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Manic Street Preachers – Rewind The Film

Manic Street Preachers – 'Rewind the Film' album review

The former rabble-rousers become misty-eyed elder statesmen

By Tom Slater
When the Manic Street Preachers leapt onto the music scene in 1992, many wondered how long these four rabble-rousing Welsh lads would last. Not because they were bland – far from it: combining the squalling political fury of punk with the bleak, wallflower bookishness of Generation X, they crafted some of the most challenging albums of the era. But with music so propelled by ‘culture, alienation, boredom and despair’, the idea that the Manics would become arena-playing elder statesmen seemed unlikely: these boys would burn out, not limp on into middle age.

Nevertheless, here they are: 21 years down the line, with a sell-out show at the O2 under their belts, delivering an all-acoustic eleventh album that’s positively mellow - by their standards, at least.

This isn’t the first time the Manics have stepped down from the barricades. Since the departure of Richey Edwards, their caustic figurehead, rhythm guitarist and lyricist who disappeared in 1995, they’ve been slowly moving away from the cynical, misanthropic sound he helped forge. ‘Rewind the Film’ finds them with a spring in their step, if a little misty-eyed and wistful. The chamber pop-infused title track, all twiddly finger-picking and swelling strings, finds them warmly reminiscing about the teenage, nowhere-town humdrum that once so infuriated them, as James Dean Bradfield croons ‘celebrate the boredom’ over twiddly finger-picking and swelling strings. Meanwhile, the all-horns-blazing ‘Show Me The Wonder’ is a sort of gospel tune for atheists, as sugary as it is sincere.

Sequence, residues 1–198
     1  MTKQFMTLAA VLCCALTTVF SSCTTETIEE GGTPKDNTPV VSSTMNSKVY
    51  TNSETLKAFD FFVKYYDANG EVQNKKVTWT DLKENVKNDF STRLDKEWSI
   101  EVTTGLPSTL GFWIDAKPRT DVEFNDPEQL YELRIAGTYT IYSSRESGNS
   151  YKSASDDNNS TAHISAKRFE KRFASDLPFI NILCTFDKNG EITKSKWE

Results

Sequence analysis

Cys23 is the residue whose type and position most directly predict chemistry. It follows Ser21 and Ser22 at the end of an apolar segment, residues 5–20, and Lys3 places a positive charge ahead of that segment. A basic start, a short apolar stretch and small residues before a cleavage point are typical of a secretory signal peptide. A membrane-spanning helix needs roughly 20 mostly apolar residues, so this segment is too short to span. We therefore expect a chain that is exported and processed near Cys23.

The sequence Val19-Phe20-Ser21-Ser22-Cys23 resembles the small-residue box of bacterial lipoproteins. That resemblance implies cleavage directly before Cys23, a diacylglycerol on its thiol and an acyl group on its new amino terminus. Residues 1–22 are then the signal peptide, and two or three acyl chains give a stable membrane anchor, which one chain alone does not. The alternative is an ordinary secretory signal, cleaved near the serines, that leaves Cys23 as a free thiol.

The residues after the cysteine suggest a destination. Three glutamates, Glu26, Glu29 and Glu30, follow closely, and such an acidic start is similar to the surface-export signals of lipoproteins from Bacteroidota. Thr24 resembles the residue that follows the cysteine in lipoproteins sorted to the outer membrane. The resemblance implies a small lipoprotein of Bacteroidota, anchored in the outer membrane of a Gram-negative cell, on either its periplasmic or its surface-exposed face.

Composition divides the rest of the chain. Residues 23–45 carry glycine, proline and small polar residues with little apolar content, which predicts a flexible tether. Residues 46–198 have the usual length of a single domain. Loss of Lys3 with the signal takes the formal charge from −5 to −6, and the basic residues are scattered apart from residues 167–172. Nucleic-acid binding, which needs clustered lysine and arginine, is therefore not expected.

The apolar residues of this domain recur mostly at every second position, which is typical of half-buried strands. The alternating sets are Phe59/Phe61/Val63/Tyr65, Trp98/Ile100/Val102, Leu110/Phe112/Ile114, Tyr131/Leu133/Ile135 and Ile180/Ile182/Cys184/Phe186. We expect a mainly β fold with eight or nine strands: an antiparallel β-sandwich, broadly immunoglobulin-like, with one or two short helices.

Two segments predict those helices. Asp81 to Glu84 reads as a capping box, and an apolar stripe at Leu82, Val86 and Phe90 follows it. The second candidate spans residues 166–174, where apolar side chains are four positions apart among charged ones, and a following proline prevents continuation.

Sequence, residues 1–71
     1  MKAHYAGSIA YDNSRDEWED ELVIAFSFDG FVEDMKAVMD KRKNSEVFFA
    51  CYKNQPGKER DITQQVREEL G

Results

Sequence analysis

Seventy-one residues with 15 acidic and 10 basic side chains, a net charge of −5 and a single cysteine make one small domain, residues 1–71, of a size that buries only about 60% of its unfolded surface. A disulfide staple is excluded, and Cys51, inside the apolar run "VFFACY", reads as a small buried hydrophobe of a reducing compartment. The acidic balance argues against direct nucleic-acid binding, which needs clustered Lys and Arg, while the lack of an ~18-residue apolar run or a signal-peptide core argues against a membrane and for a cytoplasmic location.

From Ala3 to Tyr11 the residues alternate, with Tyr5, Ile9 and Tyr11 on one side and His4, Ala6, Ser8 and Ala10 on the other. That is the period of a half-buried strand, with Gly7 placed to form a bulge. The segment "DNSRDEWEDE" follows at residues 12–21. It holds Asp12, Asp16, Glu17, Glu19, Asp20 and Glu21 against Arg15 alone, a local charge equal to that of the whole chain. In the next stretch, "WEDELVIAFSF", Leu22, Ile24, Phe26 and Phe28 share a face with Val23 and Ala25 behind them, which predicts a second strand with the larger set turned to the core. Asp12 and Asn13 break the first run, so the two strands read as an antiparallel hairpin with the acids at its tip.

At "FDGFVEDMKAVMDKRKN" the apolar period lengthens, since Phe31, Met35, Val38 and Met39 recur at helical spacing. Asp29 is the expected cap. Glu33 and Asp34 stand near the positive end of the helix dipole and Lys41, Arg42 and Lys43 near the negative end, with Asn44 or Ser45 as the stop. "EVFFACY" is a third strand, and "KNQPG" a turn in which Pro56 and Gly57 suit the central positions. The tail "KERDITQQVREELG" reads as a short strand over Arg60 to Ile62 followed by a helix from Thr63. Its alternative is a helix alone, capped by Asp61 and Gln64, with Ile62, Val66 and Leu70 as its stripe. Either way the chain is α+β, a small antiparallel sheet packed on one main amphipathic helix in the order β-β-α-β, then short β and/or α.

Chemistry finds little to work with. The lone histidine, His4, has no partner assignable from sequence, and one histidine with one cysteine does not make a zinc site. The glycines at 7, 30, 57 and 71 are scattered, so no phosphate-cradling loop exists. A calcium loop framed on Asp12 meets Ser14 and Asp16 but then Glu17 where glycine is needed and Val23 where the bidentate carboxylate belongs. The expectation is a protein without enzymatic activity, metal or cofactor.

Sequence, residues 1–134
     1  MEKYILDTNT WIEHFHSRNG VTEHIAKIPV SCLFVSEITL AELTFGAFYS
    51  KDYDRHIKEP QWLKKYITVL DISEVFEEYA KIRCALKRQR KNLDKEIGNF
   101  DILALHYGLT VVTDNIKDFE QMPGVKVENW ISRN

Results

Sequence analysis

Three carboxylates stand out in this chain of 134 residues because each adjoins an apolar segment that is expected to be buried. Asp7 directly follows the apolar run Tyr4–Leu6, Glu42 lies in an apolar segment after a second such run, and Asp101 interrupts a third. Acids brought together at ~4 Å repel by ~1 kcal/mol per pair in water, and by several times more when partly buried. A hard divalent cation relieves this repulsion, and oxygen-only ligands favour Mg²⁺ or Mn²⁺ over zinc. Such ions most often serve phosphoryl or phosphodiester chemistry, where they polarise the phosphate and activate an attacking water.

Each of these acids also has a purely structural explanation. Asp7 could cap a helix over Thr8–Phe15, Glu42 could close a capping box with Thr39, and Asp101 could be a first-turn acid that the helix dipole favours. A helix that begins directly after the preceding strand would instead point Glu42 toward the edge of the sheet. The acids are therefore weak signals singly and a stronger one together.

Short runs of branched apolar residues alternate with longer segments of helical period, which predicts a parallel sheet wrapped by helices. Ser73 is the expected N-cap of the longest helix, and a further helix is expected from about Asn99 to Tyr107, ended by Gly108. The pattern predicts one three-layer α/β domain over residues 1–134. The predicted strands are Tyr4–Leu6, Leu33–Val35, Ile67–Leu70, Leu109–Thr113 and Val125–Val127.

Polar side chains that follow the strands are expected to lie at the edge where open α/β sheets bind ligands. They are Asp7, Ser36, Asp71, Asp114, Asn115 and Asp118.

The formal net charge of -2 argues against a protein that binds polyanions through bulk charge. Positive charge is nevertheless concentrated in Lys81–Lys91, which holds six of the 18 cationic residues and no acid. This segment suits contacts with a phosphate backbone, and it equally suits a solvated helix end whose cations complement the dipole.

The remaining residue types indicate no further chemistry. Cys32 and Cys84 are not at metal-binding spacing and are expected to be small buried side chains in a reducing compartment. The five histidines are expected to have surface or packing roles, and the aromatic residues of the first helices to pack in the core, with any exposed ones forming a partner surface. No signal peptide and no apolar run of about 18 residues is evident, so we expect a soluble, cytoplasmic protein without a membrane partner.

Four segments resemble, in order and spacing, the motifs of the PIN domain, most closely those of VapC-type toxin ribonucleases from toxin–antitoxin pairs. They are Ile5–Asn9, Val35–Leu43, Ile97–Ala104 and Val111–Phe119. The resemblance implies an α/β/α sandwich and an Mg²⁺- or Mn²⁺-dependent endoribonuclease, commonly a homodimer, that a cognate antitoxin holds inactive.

Don’t worry, they’ve not gone soft: there’s plenty of world-weariness here (‘This Sullen Welsh Heart’) and a couple of obligatory pot-shots at the Tories are made on closing track ’30 Year War’. But it’s a testament to the Manics that they can still be thought-provoking and ear-grabbing, despite having long left their notorious balaclavas behind. Buy this album here

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